PMQs Verdict: Cameron’s foolish hubris is catching up with him

30th January, 2013 1:49 pm

At PMQs just a few short months ago, David Cameron let slip a phrase that may come to define the failure of his leadership in the way that “Mission Accomplished” did for George W. Bush (and to a lesser extent “saved the world” did for Gordon Brown). Last year after Cameron told the Commons “the good news will keep coming”, I said that those would be words that would come back to haunt Cameron.

Last Friday – and today at PMQs – that’s exactly what has started to happen.

Cameron put in a spirited performance in defence of his position, but in the end it was all bluster, because the figures are against him. I catalogued some of the stats that make up the charge sheet against his government last Friday, and Ed Miliband used many of them today. The UK economy is still well off its pre-financial crisis peak, whilst the German and US economies are significantly larger. Our economy has grown by only 0.4% in the 9 quarters since Osborne’s Comprehensive Spending Review. In the same time to US economy has grown by over 4%, whilst the UK economy has shrunk in 5 of the 9 quarters since Osborne’s spending review.

After last week’s poor showing at PMQs, Ed Miliband will have wanted to put on a good show. The persistant government failure to produce growth gave him the perfect opportunity to do just that. He had both a good grasp of the numbers that prove the government’s failure – and the confidence to defend Labour’s position on the economy. Tellingly, Miliband almost went as far as arguing for “good” borrowing to fund infrastructure development and stimulate the economy (housing building anyone?) as the polar opposite to osborne’s “bad” borrowing as a result of falling tax receipts as growth splutters and dies.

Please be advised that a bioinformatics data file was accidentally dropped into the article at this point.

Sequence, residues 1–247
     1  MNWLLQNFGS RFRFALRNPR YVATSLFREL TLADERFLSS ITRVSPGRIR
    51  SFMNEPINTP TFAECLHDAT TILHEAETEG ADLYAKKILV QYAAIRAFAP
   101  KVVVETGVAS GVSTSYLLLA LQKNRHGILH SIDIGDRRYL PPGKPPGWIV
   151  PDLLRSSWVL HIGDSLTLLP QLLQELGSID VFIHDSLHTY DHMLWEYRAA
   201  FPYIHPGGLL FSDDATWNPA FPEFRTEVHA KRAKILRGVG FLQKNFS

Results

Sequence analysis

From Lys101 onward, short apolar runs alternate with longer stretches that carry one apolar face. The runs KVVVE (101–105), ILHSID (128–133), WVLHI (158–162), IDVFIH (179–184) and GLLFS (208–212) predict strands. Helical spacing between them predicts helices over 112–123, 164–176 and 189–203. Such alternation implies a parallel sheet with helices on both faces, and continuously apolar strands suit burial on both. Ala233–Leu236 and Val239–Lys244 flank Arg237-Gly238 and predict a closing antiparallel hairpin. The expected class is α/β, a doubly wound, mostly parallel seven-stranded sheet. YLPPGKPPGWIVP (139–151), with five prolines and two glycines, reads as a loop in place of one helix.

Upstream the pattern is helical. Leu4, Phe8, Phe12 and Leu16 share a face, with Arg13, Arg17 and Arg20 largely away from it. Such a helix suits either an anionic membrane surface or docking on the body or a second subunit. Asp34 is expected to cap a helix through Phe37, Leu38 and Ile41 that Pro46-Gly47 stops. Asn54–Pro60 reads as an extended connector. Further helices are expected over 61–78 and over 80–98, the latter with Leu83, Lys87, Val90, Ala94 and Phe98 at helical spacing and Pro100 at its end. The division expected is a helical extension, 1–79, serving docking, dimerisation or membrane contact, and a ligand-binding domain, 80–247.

Cameron put in a spirited performance at the dispatch box, but it was like watching a cricketer try to deal with a broken bat. First it was broken by Osborne’s failure to produce even basic, measly growth to get the country moving again. Then it was broken again by Cameron’s foolish hubris in predicting (with no basis) that “the good news will keep coming”. Yet the risk for Cameron now is that it may be the bad news that will keep on coming. If the current quarter fails to produce growth, Britain will end up in an unprecedented “triple-dip” recession. No amount of special pleading about the legacy left by Labour (one of growth and recovery, incidentally) will obscure the fact that the Tories have already taken us back into recession and may be about to do it again.

Today, it felt like Cameron was facing up to that difficult truth. What we saw today was almost certainly a precursor to the rows that will be had in the election campaign. By then, Cameron will need to have found sustained growth that makes people feel better off, or a better set of excuses, lest he be confined to the dustbin of history with so many of Britain’s failed Prime Ministers. And what will haunt him once he’s there, is that so many of these crises that are sinking him are of his own making. And his hubris.

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  • Very good summary.